Decyphering the Mysterious Baseball Scrapbook: how it came into my hands

Well, the wife said that I should find something fun to do away from cards. She mentioned something about it being “unhealthy” to “obsess” about them. What utter nonsense! But to placate her I’ve been casting around recently, wondering what else might catch my interest…

And then this odd scrapbook fell into my hands.

It happened on a gloomy, cold Saturday evening last December. I received a call from someone that I hadn’t heard from in a number of years. He said that he had run across an item that brought me to mind, and that it was something that he knew I just had to have. In fact, he said, I might be the only person in the Detroit area that would appreciate it. He wanted to show it to me and was, in fact, calling from my driveway.

Oh boy.

So I invited him in and, after some small talk, he thrust an old blue scrapbook into my hands. At first glance, and second glance for that matter, it looked pretty boring. Nevertheless, I bought it from him, thinking that it would join all the other unread books in the basement.

Recently, though, I’ve been leafing through it and find it to be intriguing from a baseball history perspective. I’ll write more of that later, but for now here is a photo of “the book”:

4 thoughts

  1. Hi Mark. My Sanborn seems to have had the maps torn out. Then they used the other pages as a scrapbook. I guess that I didn’t realize how extensive the leagues were in Detroit at that time or how much press the games got.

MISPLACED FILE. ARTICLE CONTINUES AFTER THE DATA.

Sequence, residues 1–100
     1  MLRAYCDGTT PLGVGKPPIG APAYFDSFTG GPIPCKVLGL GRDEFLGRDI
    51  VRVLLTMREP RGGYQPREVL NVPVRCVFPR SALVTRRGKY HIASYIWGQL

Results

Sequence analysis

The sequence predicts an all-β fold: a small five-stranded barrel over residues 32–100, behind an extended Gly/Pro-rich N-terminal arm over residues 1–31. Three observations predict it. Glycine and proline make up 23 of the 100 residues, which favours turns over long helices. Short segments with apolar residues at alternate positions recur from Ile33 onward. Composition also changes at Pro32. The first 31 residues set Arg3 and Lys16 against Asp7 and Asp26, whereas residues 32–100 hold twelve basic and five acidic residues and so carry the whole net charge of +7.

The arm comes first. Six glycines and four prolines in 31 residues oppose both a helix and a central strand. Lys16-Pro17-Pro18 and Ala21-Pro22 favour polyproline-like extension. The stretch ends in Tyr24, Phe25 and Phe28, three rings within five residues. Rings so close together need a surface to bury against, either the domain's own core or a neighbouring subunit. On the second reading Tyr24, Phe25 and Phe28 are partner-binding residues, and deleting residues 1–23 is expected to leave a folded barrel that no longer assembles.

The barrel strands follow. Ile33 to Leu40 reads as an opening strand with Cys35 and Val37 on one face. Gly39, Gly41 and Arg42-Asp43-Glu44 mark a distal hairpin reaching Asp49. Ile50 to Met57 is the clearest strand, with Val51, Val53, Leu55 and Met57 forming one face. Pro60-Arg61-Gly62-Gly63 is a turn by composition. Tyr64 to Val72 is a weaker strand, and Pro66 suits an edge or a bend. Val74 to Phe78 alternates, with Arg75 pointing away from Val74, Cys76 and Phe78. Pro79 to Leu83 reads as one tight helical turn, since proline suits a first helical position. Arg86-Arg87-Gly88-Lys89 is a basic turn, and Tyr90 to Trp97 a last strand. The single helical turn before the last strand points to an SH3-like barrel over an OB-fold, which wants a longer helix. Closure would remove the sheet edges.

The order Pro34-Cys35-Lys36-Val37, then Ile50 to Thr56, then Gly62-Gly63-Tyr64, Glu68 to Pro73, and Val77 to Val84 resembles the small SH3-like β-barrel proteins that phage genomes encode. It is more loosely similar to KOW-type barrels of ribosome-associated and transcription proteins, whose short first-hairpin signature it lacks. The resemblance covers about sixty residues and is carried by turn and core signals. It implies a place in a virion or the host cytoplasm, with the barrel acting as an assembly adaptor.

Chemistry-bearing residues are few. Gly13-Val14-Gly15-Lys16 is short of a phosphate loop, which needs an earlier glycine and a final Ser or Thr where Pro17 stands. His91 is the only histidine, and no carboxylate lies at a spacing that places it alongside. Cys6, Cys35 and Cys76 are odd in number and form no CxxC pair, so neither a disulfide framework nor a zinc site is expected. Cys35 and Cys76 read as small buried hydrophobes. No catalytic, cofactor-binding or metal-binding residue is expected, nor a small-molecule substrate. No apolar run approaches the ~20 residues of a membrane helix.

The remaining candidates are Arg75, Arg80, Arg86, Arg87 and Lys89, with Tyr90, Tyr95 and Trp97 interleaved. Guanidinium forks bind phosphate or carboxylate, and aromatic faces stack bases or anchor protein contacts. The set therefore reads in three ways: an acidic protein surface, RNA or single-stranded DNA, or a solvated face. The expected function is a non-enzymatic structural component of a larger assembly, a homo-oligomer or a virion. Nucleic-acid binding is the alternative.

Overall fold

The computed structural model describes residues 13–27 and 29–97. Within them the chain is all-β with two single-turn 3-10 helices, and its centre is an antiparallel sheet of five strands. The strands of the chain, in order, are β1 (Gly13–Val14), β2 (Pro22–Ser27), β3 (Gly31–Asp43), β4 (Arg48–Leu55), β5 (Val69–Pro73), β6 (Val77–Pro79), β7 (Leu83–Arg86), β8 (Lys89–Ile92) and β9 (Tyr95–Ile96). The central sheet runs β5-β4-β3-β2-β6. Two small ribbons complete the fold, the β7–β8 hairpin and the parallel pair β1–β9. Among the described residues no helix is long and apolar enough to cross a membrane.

1. There are old town scrapbooks like that all over that have stuff about old games. No one has ever tried to advertise to bring them together. I know of a few of them around Wapakoneta, OH where I grew up that have articles about “Long Bob” Ewing before he pitched for the Reds.


  2. Sanborn Maps are old insurance maps that show who owns what properties and how far they are from fire stations and such so they could assess insurance rates. Those maps are very cool. We use them a lot when investigating old properties during redevelopment when we find “surprises.” Discovering that a property was once used to paint clock dials or was a coal gasification plant at the turn of the century is not a good thing. I’d say your book of maps has quite a bit of value.


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